Visa: UK contactless payments more than triple in last 12 months

Matthew Finnegan

Contactless card payments grew more than three-fold during 2013 thanks to accelerated rollout by retailers and growing acceptance on public transport, according to Visa Europe.

Despite some initial concerns around the security of near field communication (NFC) enabled cards - with a small number of users complaining that they unwittingly had funds taken from their accounts - the technology is gathering pace among consumers. The latest figures from the payments provider show that 94.3 million purchases were made using its contactless cards last year, up from 25 million during 2012.

There are now 32.1 million Visa contactless cards in circulation in the UK, up 125 percent from 2012, with the average spend totalling £6.09. In its recent financial results, Visa revealed that contactless transactions reached a total of £460 million during 2013.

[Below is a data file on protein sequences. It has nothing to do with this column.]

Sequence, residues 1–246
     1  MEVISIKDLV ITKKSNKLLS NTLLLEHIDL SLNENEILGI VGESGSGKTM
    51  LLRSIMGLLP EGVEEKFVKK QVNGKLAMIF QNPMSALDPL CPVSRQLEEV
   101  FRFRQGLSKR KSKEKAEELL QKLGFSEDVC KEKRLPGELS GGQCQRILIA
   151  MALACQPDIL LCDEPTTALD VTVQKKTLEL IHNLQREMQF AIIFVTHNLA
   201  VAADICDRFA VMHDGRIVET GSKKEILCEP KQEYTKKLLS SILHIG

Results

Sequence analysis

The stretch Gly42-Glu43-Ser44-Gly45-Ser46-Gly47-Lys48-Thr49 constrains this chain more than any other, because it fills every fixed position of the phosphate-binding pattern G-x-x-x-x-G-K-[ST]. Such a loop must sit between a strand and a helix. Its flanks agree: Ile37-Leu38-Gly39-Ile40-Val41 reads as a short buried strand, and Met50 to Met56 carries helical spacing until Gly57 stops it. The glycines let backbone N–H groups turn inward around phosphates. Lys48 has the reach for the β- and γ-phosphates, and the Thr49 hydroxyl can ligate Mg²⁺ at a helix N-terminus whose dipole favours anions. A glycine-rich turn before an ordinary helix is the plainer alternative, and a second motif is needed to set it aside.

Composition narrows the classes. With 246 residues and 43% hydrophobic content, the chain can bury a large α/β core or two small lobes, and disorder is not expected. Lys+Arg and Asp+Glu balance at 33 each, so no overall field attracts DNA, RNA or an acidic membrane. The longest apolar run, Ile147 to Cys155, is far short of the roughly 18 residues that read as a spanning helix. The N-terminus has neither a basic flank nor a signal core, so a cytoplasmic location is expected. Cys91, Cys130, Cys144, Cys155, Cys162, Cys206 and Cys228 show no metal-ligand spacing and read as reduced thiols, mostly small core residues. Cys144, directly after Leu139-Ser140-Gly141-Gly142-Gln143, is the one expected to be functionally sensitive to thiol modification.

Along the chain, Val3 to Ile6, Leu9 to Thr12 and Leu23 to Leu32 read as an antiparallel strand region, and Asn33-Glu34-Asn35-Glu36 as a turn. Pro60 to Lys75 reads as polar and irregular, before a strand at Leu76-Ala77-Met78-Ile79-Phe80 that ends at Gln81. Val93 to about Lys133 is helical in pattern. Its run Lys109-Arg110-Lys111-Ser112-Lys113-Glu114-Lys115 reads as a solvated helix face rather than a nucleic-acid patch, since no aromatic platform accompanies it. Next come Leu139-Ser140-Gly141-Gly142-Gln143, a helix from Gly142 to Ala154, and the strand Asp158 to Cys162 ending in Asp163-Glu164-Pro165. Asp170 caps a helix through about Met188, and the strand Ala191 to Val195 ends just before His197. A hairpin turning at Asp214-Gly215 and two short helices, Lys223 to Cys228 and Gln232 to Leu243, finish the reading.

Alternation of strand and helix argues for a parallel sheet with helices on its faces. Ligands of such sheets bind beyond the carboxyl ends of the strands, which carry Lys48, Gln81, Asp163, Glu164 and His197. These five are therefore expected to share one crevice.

The UK trails behind Poland, which recorded 159 million purchases over the year, while Spain saw a higher total spend of £618 million.

The growth in use has been driven by roll out of NFC terminals by retailers including Marks & Spencer and Starbucks - increasing by almost 200 percent to more than 300,000.

Visa contactless debit cards have also been used on 10 million journeys on London buses - which have now ditched cash payments - while Transport for London has also revealed plans to enable the technology to be used on the Underground later this year.

"Use of contactless will rise even further in the UK with the arrival of contactless payments on the London Underground later this year," said Sandra Alzetta, executive director at Visa Europe. "We want to make smaller payments and purchases quick and convenient and UK consumers are clearly seeing that contactless can offer them just that."

Visa is not the only payments provider targeting contactless payments. Mastercard has partnered with mobile operator joint venture Weve to provide the processing capabilities for in-store NFS payments using mobile devices, expected to be launched next year.